A WORLD record-breaking marathon runner will take part in next year’s Stirling Scottish Marathon as he eyes his next major milestone.
Steve Edwards clocked up his 800th marathon at the Birmingham International Marathon last weekend, setting a new world record for the fastest average time for 800 official 26.2mile events.
The 54-year-old completes marathons at an average pace of 3 hours and 19 minutes and, despite a late injury scare, the IT worker from Coventry came in within his target of 3.15-3.20 in Birmingham, completing the inaugural marathon in 3.19.39.
Nicknamed ‘The Machine’, Steve runs an average of a marathon a week – and is now targeting a new challenge of reaching 1,000 marathons by the time he is 60.
To do that, he would to maintain his one-marathon-per-week rhythm - and the inspirational runner, who now lives in Gloucestershire, has signed up for the Stirling Scottish Marathon on Sunday, 29 April 2018 to help him achieve his goal.
Steve began his marathon journey in 1981 and has taken on events around the world, and is looking forward to experience all the scenic marathon in Stirling has to offer, with its city centre start and finish set against a jaw-dropping Scottish backdrop.
He said: “I always say it’s a great way to do a bit of sightseeing. We’ve driven through Stirling but never seen the city on foot. It will be fantastic from that point of view.
“I’ve done plenty of Scottish marathons, but Stirling has never had one until 2017 so it’ll be great to get up and do that.
“I’m looking forward to it, it’s a new city to run in with lots of historic landmarks, it will be a sightseeing tour to remember.”
In 2017, Stirling’s first-ever marathon reached capacity months before the event, with 6,500 people signing up for the 26.2mile run through the Stirlingshire countryside in May.
Following constructive feedback from the runners, a new and improved course has been designed which will showcase the beautiful scenery and historic landmarks of central Scotland.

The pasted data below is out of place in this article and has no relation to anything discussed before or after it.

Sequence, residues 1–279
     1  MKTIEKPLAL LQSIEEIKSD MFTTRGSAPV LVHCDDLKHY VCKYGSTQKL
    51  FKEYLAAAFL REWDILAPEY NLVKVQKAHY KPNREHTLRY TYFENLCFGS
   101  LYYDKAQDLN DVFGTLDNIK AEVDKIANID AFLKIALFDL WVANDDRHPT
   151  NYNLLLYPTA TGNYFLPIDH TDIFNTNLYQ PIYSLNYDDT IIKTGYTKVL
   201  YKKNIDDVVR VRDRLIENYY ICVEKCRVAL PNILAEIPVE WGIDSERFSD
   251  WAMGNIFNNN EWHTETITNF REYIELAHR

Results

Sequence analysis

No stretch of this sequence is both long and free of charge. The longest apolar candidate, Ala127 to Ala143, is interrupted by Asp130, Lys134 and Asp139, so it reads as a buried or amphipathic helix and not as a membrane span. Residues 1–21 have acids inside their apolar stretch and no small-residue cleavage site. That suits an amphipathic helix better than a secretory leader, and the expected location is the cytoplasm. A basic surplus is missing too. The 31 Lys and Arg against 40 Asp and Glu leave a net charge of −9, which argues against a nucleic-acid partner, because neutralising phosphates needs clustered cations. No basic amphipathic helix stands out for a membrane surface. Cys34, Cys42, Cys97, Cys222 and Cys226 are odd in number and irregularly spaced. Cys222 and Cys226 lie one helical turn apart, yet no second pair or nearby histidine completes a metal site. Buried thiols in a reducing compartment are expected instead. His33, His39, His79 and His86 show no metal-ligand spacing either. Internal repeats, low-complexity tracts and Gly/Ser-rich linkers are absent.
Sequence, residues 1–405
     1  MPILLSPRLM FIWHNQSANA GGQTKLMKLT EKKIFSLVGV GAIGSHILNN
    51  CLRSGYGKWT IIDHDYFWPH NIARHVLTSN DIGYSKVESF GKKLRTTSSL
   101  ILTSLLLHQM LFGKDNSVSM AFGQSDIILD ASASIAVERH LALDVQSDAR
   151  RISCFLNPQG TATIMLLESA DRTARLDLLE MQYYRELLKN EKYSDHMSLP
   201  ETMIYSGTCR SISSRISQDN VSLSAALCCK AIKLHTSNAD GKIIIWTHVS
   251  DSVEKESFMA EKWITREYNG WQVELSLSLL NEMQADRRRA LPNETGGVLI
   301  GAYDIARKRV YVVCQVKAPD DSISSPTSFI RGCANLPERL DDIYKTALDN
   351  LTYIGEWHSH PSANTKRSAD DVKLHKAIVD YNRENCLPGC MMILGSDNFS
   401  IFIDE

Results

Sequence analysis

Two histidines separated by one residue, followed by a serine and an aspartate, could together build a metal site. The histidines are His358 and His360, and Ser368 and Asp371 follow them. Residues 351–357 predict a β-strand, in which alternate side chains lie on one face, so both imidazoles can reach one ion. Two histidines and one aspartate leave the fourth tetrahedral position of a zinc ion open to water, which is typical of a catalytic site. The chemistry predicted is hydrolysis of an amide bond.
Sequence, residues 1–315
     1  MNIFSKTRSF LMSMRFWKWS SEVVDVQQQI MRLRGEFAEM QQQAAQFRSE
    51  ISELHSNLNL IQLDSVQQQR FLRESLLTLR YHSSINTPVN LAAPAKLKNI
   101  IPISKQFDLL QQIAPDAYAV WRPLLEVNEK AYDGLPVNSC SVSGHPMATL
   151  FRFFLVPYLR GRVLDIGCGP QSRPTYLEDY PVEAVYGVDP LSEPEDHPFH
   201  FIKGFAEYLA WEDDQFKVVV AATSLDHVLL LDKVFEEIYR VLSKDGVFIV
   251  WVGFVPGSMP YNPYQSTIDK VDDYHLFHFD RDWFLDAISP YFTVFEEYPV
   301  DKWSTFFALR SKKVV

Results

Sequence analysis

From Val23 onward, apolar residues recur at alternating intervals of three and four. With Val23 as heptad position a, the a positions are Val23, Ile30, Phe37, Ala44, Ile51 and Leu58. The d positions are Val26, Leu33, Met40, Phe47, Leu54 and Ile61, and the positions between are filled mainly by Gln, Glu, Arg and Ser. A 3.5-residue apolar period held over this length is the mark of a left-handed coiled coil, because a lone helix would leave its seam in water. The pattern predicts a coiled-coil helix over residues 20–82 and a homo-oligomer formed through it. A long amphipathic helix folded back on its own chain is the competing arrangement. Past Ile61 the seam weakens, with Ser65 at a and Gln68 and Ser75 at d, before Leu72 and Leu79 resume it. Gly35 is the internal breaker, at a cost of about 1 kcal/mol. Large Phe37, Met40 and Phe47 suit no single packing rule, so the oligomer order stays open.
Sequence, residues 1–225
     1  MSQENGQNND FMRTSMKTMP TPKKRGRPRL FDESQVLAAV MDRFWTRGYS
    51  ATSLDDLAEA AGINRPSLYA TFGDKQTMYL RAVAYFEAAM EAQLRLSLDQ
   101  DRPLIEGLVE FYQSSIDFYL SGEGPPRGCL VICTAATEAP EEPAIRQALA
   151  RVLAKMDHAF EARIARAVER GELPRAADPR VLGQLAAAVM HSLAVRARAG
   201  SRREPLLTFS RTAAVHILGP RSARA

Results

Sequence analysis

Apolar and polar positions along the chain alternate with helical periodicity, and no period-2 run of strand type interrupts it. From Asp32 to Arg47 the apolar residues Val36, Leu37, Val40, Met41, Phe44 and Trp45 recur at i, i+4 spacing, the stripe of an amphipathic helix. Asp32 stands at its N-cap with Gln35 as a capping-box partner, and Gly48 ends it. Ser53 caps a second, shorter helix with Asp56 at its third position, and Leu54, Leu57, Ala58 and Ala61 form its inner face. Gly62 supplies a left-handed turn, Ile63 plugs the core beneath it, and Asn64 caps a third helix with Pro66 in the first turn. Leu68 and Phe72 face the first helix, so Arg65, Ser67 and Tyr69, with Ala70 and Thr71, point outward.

Starting and finishing in the centre of Stirling, the Gateway to the Highlands, runners will make their way into the Stirlingshire countryside, past the Blair Drummond Safari Park, through Doune, Dunblane and Bridge of Allan, before completing a circuit of the University of Stirling’s campus in the shadow of the historic Wallace Monument.
Another new section of the course will feature the stunning scenery of Clackmannanshire as you enter Blairlogie, beneath the imposing cliff of Dumyat, then back towards Stirling itself, passing through the city centre where thousands turned out in 2017 to cheer the 6,500 runners on, with a brand new finish area in King’s Park, in view of the magnificent Stirling Castle.
With marathons popping up in cities around the United Kingdom, Steve no longer has to travel far to get his running fix – and is impressed by the amount of people now taking on the classic, iconic distance.
“When I first started there was a running boom in the 1980s which started a few big-city marathons, but that gradually died off towards the end of the decade,” he explained. “I had to go abroad a lot more to do marathons.
“In one particular year I wanted to do the most in a year to get the record, I was travelling abroad every single weekend, and that’s the way it had to be done. In the last four or five years, even in the last couple of years, it has grown so much.
“You can run one or two a week now – and these events fill up. That’s the remarkable thing. There’s more people running and a lot more marathons.”
To sign up for the Stirling Scottish Marathon, visit greatrun.org/Stirling